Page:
A Measure of Success: The fourth annual Baker Artist Awards exhibit at the BMA showcases the 2012 winners and the unique opportunities the prize provides. by Cara Ober
There are a number of hardships for Baltimore’s artists. One main issue is funding. The local art market is weak, so sales tend to be few and far between. Another problem is a shortage of press. Baltimore artists are largely ignored by national publications, and, even on the local level, options for reviews are few. And, until very recently, the BMA, Baltimore’s museum of international acclaim, rarely, if ever, exhibited the work of local artists, so achieving a museum show seemed to be an impossible goal.
However, some major changes have occurred in the last few years. Now more than ever, artists are choosing to live and work in Baltimore, encouraged by a number of opportunities, programs, and cash awards. One of the most significant organizations to enrich the lives of Baltimore artists is the William G. Baker Jr. Memorial Fund, better known as the sponsor of the Baker Artist Awards and website. Now in its fourth year, the organization has streamlined its approach to funding; provides an attractive, free website for individual artists to share their work; and sponsors exhibitions in a variety of locations. These changes have made a real difference for hundreds of artists living in Baltimore.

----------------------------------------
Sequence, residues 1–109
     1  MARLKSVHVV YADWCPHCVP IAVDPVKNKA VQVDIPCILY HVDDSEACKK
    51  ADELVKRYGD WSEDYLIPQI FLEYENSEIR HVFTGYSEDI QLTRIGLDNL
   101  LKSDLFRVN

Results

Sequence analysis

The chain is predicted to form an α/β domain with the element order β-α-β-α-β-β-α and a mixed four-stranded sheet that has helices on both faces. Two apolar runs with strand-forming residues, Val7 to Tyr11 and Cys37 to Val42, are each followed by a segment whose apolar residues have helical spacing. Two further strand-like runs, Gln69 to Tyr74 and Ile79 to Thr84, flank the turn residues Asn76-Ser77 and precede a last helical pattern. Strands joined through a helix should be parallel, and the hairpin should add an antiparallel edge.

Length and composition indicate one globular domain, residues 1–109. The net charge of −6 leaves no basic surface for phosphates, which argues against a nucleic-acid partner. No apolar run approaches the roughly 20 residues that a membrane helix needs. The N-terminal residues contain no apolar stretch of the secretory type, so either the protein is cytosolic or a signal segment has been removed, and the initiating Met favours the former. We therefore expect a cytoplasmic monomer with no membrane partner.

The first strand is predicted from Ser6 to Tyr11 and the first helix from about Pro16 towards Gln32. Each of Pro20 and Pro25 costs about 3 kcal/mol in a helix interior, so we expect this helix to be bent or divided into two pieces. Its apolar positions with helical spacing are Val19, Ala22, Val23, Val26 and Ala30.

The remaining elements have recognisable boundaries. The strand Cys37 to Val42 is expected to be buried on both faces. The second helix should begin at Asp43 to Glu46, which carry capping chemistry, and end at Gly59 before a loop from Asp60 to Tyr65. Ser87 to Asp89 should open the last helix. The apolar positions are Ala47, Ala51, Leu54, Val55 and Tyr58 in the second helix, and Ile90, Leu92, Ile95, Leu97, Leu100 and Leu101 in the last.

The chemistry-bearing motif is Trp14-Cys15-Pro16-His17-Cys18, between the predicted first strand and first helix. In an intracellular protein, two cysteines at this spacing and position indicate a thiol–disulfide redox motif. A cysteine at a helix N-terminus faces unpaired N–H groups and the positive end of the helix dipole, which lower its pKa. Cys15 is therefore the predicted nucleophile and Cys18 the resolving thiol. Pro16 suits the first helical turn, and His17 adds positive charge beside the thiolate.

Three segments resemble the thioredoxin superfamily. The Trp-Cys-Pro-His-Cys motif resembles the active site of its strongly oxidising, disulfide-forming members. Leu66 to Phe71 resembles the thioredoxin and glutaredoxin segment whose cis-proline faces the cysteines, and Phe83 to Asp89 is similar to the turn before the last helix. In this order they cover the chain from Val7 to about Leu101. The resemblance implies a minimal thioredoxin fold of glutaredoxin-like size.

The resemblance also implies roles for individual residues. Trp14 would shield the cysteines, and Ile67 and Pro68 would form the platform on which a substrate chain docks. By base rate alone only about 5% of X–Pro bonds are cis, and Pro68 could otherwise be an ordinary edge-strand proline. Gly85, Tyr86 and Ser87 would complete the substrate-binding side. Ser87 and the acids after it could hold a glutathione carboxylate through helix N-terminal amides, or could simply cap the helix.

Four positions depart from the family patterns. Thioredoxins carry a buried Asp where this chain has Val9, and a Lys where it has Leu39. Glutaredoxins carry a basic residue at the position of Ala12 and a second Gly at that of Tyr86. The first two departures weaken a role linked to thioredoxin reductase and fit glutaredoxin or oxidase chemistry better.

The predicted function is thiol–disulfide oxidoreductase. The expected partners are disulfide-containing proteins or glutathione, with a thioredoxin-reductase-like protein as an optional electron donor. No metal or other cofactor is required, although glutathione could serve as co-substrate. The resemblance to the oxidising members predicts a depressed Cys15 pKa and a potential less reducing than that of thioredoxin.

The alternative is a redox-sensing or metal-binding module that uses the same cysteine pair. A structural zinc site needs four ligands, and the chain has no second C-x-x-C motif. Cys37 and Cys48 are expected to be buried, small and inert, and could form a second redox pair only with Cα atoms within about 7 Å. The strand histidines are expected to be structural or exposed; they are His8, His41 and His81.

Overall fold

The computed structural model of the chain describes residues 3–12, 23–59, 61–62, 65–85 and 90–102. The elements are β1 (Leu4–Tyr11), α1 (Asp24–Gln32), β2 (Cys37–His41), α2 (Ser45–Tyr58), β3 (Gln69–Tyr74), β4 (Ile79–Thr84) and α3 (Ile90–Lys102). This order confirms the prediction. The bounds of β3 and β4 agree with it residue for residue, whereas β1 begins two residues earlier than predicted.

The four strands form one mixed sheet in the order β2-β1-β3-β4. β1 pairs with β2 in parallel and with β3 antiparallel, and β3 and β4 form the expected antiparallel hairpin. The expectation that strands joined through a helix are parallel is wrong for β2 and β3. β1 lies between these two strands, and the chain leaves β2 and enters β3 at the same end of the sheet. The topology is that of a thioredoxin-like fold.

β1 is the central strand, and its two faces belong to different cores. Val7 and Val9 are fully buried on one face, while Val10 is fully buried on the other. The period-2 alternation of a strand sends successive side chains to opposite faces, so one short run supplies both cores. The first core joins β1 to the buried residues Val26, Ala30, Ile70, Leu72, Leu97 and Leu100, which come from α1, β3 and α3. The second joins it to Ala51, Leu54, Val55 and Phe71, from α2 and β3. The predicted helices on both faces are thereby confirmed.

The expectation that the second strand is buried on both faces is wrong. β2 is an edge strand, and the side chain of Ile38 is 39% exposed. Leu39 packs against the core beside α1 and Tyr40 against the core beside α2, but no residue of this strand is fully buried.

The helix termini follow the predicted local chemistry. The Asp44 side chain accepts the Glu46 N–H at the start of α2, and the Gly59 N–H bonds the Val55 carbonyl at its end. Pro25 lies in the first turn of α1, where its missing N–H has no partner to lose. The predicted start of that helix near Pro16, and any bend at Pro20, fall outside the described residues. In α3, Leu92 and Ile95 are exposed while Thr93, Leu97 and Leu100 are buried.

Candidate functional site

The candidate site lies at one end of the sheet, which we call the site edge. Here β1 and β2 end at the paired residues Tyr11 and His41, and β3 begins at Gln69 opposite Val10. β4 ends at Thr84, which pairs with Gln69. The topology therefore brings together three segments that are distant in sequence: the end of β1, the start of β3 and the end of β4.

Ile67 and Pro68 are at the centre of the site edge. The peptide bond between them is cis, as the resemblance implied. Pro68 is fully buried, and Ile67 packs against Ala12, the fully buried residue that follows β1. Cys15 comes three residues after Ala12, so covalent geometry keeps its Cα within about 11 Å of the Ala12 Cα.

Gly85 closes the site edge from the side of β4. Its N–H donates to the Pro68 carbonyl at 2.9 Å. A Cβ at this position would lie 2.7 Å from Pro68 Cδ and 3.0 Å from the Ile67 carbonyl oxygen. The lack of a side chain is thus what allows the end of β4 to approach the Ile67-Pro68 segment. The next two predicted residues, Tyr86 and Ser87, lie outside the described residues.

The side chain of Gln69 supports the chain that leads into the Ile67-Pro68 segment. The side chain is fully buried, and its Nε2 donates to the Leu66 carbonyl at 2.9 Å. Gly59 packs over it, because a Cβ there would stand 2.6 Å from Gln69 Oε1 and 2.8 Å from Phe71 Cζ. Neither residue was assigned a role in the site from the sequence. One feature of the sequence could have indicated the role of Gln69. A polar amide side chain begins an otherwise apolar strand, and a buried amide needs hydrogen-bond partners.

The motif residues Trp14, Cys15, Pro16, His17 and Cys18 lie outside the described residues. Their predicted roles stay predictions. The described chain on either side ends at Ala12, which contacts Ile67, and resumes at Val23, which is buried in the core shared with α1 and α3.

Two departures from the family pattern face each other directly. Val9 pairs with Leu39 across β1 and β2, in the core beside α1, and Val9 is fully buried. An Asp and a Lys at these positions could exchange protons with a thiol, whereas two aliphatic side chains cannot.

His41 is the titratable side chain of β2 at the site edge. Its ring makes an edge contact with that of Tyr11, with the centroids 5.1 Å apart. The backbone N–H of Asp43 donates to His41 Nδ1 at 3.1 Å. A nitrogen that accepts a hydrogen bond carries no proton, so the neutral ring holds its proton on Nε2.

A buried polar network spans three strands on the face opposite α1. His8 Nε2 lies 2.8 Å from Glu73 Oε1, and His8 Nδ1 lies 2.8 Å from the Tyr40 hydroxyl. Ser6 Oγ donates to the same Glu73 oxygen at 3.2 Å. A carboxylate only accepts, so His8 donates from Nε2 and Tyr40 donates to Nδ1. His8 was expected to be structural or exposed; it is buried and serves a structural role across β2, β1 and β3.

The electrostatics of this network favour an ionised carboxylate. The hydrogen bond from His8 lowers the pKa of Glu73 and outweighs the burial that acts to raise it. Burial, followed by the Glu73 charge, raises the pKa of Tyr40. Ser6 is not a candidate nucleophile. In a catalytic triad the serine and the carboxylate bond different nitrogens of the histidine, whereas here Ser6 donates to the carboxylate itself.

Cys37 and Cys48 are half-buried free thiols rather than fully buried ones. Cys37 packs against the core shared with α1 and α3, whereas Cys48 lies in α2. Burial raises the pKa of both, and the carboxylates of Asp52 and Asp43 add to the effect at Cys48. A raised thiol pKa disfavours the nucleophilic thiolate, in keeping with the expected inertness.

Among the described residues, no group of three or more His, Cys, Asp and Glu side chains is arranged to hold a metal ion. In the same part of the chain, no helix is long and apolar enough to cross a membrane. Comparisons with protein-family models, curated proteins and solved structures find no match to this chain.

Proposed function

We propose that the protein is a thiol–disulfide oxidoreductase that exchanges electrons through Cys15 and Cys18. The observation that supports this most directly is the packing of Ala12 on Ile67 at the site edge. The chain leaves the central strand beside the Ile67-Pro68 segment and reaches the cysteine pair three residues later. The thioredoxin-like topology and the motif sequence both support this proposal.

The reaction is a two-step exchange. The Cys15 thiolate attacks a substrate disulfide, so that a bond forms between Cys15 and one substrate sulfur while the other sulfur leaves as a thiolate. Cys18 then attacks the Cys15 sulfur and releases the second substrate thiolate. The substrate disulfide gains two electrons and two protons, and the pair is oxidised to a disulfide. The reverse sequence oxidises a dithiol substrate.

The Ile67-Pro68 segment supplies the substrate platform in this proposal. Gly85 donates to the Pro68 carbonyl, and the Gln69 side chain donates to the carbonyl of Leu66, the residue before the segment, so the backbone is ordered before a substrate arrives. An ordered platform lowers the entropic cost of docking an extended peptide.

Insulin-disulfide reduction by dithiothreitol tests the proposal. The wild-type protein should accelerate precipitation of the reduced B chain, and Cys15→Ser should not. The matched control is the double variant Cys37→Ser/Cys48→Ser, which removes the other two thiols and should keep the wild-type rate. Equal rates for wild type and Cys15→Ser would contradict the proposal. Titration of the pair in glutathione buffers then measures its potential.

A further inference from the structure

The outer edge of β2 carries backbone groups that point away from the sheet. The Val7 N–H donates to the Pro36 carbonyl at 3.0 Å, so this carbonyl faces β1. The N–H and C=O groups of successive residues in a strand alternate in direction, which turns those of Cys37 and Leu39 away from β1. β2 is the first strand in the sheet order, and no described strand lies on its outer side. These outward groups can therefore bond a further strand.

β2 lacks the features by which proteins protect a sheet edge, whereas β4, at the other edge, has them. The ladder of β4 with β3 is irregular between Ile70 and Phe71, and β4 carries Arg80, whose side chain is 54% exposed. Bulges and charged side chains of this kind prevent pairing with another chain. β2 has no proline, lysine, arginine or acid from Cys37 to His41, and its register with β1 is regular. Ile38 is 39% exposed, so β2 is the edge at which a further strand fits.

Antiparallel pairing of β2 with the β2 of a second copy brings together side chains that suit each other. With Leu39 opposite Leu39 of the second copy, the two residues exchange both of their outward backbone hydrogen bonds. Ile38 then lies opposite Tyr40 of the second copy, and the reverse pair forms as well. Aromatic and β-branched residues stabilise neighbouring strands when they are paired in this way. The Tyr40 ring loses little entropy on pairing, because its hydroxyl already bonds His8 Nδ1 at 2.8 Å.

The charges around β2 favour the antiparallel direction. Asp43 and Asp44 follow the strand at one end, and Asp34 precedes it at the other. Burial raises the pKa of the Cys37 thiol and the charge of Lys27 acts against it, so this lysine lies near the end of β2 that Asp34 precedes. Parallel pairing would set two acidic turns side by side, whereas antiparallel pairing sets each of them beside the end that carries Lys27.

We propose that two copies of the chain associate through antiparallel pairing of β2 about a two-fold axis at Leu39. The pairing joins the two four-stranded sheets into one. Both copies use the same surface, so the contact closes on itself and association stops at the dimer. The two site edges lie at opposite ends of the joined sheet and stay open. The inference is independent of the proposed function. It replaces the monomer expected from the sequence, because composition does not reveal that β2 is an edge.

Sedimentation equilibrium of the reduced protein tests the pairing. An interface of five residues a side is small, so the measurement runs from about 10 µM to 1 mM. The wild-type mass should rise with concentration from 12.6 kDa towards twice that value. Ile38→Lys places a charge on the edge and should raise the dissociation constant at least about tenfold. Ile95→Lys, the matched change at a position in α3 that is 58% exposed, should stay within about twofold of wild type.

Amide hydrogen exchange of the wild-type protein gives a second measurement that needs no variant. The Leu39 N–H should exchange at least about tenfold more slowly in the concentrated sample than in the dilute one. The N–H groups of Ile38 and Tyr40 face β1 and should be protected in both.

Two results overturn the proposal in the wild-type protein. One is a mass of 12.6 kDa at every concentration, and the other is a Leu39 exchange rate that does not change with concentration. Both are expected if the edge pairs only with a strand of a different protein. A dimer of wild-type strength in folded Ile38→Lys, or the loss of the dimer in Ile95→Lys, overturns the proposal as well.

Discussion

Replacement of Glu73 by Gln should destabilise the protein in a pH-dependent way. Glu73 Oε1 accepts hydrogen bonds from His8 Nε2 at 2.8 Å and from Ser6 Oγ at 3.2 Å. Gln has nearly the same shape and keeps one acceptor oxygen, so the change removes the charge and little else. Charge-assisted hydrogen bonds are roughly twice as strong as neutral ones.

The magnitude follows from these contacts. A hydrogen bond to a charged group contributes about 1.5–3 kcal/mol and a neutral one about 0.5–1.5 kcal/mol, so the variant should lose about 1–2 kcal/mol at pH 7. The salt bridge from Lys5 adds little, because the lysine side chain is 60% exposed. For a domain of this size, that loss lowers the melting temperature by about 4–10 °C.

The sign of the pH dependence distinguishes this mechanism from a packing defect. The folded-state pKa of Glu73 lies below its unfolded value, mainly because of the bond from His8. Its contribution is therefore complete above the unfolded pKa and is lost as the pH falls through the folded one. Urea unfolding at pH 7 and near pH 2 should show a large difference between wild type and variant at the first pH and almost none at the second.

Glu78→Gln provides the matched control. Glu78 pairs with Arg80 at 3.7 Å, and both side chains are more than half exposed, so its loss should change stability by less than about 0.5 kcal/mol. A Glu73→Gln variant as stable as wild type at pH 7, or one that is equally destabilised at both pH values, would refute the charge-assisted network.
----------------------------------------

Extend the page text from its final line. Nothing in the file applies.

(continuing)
As in past years, the Baltimore Museum of Art is hosting an exhibit of the 2012 Baker Artist Award winners, with a free reception on Friday, September 7, from 6:30 to 9:30 p.m. The exhibition includes bodies of work by the three $25,000 winners: photographer Alex Heilner, sculptor David Knopp, and musician Nathan Bell, who will give a performance at the reception. In addition, eight of the $1,000 B-Grant winners (Chris Bathgate, Brent Crothers, Ellen Durkan, Yoshi Fujii, Tiffany Jones, Miranda Pfeiffer, Marcia Wolfson Ray, and the late Lauren Simonutti) are exhibited in an adjoining group show. The ninth B-Grant winner, Smooth Kentucky, is a local band so they will also perform at the party.
Besides the opportunity to exhibit or perform in a museum setting, each artist got to work with Ann Shafer, the BMA’s Associate Curator of Prints, Drawings, and Photographs, to select the best work for the venue. Despite disparate methods and aesthetics, Shafer’s selections come together in an elegant combination of photography, sculpture, ceramic pottery, and drawings, presenting a sophisticated cross-section of Baltimore’s art community.